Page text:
National Cappuccino Day, the homemade way


For those who feel that one day, National Coffee Day (Sept. 29), is simply not enough to honor one of the most celebrated steamy beverages, Nov. 8 marks National Cappuccino Day. In case you are unfamiliar (unlikely if you are a coffee enthusiast), the dictionary describes the cappuccino as a “coffee made with milk that has been frothed up with pressurized steam.” But, alas, this definition simply doesn’t do justice to one of the most popular espresso drinks.

Read on to discover the versatility and possibilities surrounding the cappuccino.

How to prepare a cappuccino from home

Great news for those who enjoy a good cappuccino but don’t own an espresso machine: No fancy tools or barista-level skills are required.

  • What you do need:
  • Milk or a dairy substitute (soy, almond milk, coconut milk, etc.)
  • Microwave safe mug or measuring cup
  • Whisk or a container with a seal-tight lid
  • Spoon

Espresso or coffee

Before you begin, it’s important to note that most textbook cappuccinos consist of a ratio of 1/3 espresso, 1/3 steamed milk (or dairy substitute) and 1/3 foam. But since you will be your own barista, you can alter accordingly. Most people use { cup to 1 cup of milk or substitute. Depending on the preference, you can also add many additional complements (syrups, sugar, cinnamon), which we will get into more detail later.

The first step in concocting a homemade cappuccino is to brew your espresso or coffee. While any coffee will do, experts recommend using a full-bodied coffee with high acidity to ensure the aroma and flavor of the bean can be detected through the “crema,” i.e. the liquid portion of the drink.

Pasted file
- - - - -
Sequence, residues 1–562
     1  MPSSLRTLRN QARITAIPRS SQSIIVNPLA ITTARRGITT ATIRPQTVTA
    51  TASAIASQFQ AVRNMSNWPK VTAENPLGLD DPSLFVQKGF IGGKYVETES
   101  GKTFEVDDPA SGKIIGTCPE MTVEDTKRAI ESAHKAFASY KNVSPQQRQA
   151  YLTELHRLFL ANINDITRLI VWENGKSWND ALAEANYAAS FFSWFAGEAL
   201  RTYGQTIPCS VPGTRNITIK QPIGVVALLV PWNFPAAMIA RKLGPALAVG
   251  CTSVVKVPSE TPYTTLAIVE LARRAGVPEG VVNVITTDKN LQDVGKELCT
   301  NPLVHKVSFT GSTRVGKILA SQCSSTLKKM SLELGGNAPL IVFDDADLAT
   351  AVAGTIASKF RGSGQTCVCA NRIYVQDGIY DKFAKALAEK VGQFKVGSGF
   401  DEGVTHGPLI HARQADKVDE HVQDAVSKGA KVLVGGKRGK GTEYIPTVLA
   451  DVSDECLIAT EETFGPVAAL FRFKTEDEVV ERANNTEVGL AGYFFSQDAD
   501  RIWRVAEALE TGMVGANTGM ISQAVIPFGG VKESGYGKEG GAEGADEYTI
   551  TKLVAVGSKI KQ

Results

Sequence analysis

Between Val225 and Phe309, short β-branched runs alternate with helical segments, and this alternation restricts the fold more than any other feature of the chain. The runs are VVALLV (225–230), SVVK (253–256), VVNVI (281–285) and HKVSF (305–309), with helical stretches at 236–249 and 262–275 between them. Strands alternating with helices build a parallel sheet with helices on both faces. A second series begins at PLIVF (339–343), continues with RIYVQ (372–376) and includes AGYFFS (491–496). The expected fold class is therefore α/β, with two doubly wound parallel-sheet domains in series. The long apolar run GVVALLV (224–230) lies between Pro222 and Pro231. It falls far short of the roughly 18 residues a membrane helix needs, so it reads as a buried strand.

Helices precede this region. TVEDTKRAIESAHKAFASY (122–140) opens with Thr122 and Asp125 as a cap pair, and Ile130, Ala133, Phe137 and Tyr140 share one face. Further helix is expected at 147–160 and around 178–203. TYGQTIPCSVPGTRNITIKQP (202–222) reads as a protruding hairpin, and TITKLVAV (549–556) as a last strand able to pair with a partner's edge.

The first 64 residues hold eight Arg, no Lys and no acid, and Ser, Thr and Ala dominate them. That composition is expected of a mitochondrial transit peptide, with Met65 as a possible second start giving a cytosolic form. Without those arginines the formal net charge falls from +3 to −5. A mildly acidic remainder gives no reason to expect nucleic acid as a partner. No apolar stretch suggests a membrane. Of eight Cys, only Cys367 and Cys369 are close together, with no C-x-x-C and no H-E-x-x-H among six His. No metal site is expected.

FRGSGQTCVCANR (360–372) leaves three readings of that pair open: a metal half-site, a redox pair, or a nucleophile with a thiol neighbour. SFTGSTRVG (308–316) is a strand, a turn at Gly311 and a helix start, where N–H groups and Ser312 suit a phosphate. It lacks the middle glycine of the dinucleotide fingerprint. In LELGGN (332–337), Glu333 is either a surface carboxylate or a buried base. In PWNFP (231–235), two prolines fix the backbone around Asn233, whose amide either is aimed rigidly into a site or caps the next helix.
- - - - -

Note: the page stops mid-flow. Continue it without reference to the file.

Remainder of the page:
There are a few ways to go about the liquid and foam process. The first method is to heat whatever milk/substitute you choose for approximately one minute, or until the milk is warm enough to form bubbles along the edge of the microwaveable container (mug or measuring cup). Once removed from the microwave, whisk the milk/substitute rapidly until you produce a layer of foam (optimally 1/3 liquid to foam ratio).

A less conventional method of preparing the milk/substitute and foam is to place the desired amount of liquid ({ cup to 1 cup) in a container with a lid. Shake vigorously for 20 to 30 seconds. Then, microwave (uncovered) for 30 to 45 seconds.

If you want to attempt a more refined process of milk warming and foam building without the added expense of an entire espresso machine, consider purchasing a hand-held foaming wand. has several brands available, typically in the $15 to $20 range.

Now for the fun part! Pour 1/3 of your brewed espresso/coffee into a mug. Next, pour 1/3 of your heated milk/substitute over the coffee, using a metal spoon to keep the foam held back. After pouring, scoop the desired amount of foam as the top layer.

Add-ons and add-ins

As the cappuccino has evolved, sweeteners and toppings have become diverse and abundant. While some people are content simply adding a bit of sugar or a dusting of cinnamon, others may add flavored syrups such as vanilla, hazelnut, caramel and the ever-popular pumpkin spice.

More flavor profiles may include a dusting of mocha or vanilla powder, nutmeg or pumpkin-pie spice. Some people add a dollop of whipped cream to the foamy layer of their cappuccino, or even cupcake sprinkles.

More tips and tricks from the experts

One of the most cumbersome elements of crafting a cappuccino is foam production. Here are a few things to consider when trying to build up those tiny bubbles.

The thicker the liquid, the richer the foam. While you can certainly still use soy, rice and coconut milk, whole milk typically produces a frothier, denser foam.

Be wary of too much liquid, as it may make it more difficult to build foam

Don’t overheat your milk. In addition to making it difficult to produce your frothy top layer, it will also taste yucky and can curdle! Experts recommend keeping your milk/substitute between 155 and 165 degrees Fahrenheit.

If you do have the luxury of an espresso machine, try chilling your stainless-steel milk pitcher prior to steaming the milk to yield optimum foam.

Once you’ve mastered the cappuccino from home, show off your talent to guests. Pair the fruit of your labor with a biscotti, scone, cookies, croissant or other baked good. Or relish the outcome of your newfound hobby alone, fireside, with a good book.